Drup Kelders, after which the area is named, has several fairly deep freshwater rock pools, filled by water seeping in from a freshwater fountain. It was known as one of the natural wonders of the old Colony.
A local farmer knew of its existence in 1776, and he informed Hendrik Swellengrebel Jr., who visited it on horseback, a two-and-a-half hour ride from Jan Swart’s farm in the Uilen Kraals valley. Inside the cave Swellengrebel found stalagmites and stalactites fused to create pillars as thick as a man’s arm. The front of the cave had fewer pillars than its rear, and this destruction he blamed on the baboons, which he thought were too timid to venture far inside. Cave Tours are available through this magical caves with a headtorch and helmet; the opportunity to swim in the caves also exists. Regarding more information do contact the tourism office.
De Kelders is a sprawling out coastal town that stretches from Perlemoenbay to the well-known “Plaat” a sought after fishing spot where thousands of silver-grey fighters are caught annually for the coals.
The rough coastline and overhanging cliffs are natural lookout points to view the whales from June through December. De Kelders is one of the best places worldwide to observe these gentle giants swim within a few meters off the rocky shore. In December, these whales start their migration to the Antarctic waters to feed until the next autumn…
Females are often seen with their calves as they swim within meters from you along the kelp… In the afternoon, they usually perform for us: jumping, breaching, lob tailing, sky-hopping and sailing. The spectacle is unforgettable and brings peace to your heart.
To experience the whales in their natural environment, a whale-watching trip into Walker Bay by boat with a permitted Southern Right whale specialist will prove to be a highlight of your trip to the whale country. Whale sightings are always guaranteed.
“De Kelders” is the Afrikaans name for The Caves. Numerous larger and smaller caves penetrate deep into the rock formations under the houses of De Kelders.
The De Kelders cave is the only freshwater cave next to the coast of Africa, which has been changed into a swimming place. It has natural mineral water and was first visited in 1798 by lady Anne Barnard.
The Klipgat Cave is the best known of all caves. This cave is just outside of De Kelders in the Walker Bay Nature Reserve. Some of the oldest remains of modern man (homo sapiens) have been found in this cave. Excavations in Klipgat Cave led to the discovery of stone artefacts, preserved bone tools, and human remains, left by Middle Stone Age people some 65’000 to 85’000 years ago. Other remains include of the earliest sheep bones in the Western Cape, indicating that sheep-keeping Quena pastoralists from the later stone age were already living in the region some 2 000 years ago.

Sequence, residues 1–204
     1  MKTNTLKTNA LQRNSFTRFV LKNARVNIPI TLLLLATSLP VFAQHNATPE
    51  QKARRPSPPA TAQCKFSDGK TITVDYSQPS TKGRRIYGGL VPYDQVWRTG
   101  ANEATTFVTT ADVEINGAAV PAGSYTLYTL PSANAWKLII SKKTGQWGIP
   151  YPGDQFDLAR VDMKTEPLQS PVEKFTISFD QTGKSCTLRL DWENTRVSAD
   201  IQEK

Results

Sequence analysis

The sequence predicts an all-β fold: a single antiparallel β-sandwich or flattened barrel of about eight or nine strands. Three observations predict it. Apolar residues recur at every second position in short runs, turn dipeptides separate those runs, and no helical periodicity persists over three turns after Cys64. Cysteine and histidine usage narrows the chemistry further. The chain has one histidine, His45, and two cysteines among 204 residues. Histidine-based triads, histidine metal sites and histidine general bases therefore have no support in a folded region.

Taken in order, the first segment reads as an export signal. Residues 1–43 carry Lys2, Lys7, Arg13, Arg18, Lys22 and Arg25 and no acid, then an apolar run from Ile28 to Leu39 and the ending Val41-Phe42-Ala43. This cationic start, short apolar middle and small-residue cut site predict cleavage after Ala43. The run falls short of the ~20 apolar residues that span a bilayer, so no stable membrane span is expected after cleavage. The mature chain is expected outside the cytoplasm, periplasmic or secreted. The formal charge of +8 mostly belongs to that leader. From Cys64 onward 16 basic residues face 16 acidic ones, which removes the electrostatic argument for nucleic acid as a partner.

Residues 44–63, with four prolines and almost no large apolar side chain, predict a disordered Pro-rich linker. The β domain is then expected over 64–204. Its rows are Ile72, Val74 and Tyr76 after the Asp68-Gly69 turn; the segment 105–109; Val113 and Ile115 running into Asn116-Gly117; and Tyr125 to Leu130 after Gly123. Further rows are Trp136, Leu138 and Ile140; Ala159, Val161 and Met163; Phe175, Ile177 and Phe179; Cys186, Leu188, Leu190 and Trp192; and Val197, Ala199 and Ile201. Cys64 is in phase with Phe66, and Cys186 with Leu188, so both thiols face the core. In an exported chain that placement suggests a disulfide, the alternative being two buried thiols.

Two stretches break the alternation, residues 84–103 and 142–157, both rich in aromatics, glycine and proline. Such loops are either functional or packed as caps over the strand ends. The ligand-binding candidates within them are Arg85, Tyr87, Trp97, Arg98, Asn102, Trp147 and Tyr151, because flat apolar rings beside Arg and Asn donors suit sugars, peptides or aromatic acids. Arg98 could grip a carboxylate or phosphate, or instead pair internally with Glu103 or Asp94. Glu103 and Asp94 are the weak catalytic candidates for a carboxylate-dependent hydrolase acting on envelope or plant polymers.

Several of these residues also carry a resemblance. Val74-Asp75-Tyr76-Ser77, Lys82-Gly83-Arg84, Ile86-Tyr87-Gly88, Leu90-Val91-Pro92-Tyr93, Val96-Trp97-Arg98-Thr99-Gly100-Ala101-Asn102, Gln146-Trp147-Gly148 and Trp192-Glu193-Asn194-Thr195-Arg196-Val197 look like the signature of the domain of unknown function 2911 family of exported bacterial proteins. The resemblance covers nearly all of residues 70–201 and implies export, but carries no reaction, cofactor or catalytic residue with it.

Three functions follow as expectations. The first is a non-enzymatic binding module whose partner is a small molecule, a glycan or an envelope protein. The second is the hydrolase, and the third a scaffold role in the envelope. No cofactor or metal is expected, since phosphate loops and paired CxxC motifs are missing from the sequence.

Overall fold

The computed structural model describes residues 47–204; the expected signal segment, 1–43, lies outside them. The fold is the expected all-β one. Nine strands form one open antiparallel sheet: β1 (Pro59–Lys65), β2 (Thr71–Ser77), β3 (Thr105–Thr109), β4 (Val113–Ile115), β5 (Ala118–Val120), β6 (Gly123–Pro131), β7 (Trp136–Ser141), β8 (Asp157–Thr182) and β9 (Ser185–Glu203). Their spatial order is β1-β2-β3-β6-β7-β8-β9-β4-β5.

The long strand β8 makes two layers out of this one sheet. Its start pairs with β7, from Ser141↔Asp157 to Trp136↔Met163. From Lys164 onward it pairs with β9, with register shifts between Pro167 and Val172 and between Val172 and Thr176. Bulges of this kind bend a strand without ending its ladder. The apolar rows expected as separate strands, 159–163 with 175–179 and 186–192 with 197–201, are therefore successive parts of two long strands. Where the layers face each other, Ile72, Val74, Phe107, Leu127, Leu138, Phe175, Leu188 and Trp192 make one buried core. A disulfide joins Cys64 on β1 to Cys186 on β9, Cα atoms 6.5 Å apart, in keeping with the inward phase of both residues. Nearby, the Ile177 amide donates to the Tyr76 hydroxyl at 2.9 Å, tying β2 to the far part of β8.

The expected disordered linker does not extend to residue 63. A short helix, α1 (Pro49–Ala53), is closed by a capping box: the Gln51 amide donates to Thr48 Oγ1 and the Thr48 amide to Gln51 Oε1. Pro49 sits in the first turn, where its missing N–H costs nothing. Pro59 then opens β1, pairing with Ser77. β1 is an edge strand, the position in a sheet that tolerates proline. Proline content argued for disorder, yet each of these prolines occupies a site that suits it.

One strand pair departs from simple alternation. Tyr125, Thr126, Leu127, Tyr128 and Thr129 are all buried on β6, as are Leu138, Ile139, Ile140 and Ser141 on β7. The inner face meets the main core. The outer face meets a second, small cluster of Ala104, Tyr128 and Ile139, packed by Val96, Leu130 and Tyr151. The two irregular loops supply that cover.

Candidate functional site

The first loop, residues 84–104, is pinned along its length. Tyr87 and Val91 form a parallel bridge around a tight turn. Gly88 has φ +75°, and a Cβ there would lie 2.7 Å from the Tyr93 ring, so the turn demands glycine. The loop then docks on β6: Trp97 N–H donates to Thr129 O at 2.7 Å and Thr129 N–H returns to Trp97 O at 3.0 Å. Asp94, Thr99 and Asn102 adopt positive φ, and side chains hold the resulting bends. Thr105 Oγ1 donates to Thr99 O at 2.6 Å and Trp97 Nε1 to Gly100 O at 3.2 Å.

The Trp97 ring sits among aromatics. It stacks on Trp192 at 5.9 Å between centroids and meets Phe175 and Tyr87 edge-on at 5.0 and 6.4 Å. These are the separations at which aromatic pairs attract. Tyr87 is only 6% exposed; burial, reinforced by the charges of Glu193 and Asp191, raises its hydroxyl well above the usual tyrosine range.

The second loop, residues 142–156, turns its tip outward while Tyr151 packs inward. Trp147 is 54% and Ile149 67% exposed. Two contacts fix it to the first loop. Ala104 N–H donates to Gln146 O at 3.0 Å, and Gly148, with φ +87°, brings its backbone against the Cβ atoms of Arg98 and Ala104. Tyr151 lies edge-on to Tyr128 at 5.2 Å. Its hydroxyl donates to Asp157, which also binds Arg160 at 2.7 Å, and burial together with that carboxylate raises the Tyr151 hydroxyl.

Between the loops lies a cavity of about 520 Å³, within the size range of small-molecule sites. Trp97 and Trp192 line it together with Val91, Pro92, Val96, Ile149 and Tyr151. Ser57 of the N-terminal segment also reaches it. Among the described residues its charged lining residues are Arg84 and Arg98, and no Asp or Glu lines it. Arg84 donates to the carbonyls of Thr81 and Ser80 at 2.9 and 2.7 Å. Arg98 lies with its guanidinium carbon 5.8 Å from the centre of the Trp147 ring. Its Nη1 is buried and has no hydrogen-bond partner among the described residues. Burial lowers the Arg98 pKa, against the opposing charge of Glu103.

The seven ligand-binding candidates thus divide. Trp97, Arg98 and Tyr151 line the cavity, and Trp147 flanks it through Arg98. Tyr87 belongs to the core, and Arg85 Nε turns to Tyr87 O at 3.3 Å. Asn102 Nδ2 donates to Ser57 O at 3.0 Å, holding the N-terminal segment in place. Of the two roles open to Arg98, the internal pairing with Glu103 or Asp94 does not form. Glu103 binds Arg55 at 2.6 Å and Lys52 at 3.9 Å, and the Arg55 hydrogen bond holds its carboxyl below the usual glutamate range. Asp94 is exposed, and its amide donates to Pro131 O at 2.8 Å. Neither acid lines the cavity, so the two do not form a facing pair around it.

The Klipgat trail is a 7 km trail from the harbour of Gansbaai along the shore to the entrance of the Walker Bay Nature Reserve and the famous Klipgat Cave. A fresh water fountain surfaces on the beach below the cave. The trail meanders through the special limestone-rock vegetation and past several larger and smaller caves and coves. Along the way you pass a circular stonewall the locals call “Duiwelsgat” (The hole of the Devil). The origin of the name is “Duiwegat” (dove hole) due to the many rock pigeons that nested in the hole. The wall was build by the first inhabitancy of the area to prevent the sheep and cattle from falling into the hole, which was formed by the collapse of the cave ceiling. Looking down into the hole (not advised for people with vertigo) you will see the waves of the ocean rolling in and out at the bottom. Maps and information about this trail are available at the tourism office in Gansbaai.
A protected cove, Stanford’s Bay, in the middle of De Kelders is perfect for swimming. Fig trees, some thought to be around 150 years old, grows near the freshwater streams. This is also the place where in modern times the first permanent coastal settlement was established in the area of the Danger Point Peninsula. In 1811 Quena-descendants erected fishing cottages next to the cove and started a thriving fishing culture in the Gansbaai area. It was used by Capt Robert Stanford to transport his fresh farm produce to the Cape. urism-industry. Gansbaai is strongly connected to the sea – a working fishing village that will maintain its character.
Where De Kelders ends, the Walker Bay Nature Reserve begins. It is a coastal reserve, managed by Cape Nature. It stretches all the way to the Klein River estuary near Hermanus, covering about 1 000 ha with a spectacular 17km coastline. The reserve has a beautiful long beach, known as “Die Plaat”, with white sands and rocky limestone outcrops. The Walker Bay Nature Reserve is ideal for day hikes along the coast, angling, swimming and picnicking.
De Kelders is a residential area; there is a restaurant and bar, a bakery as well as a coffee shop overlooking the bay. De Kelders have many guesthouses and B&B’s of which many are situated right on the cliffs overlooking the ocean. The view encompasses the whole of Walker Bay, which extends from Danger Point (Gansbaai) through Hermanus and Hangklip. At sunset, the Cape of Good Hope is backlighted from the setting sun, which offers a most wonderful sight with the sky firing all its colours…
oping tourism-industry. Gansbaai is strongly connected to the sea – a working fishing village that will maintain its character.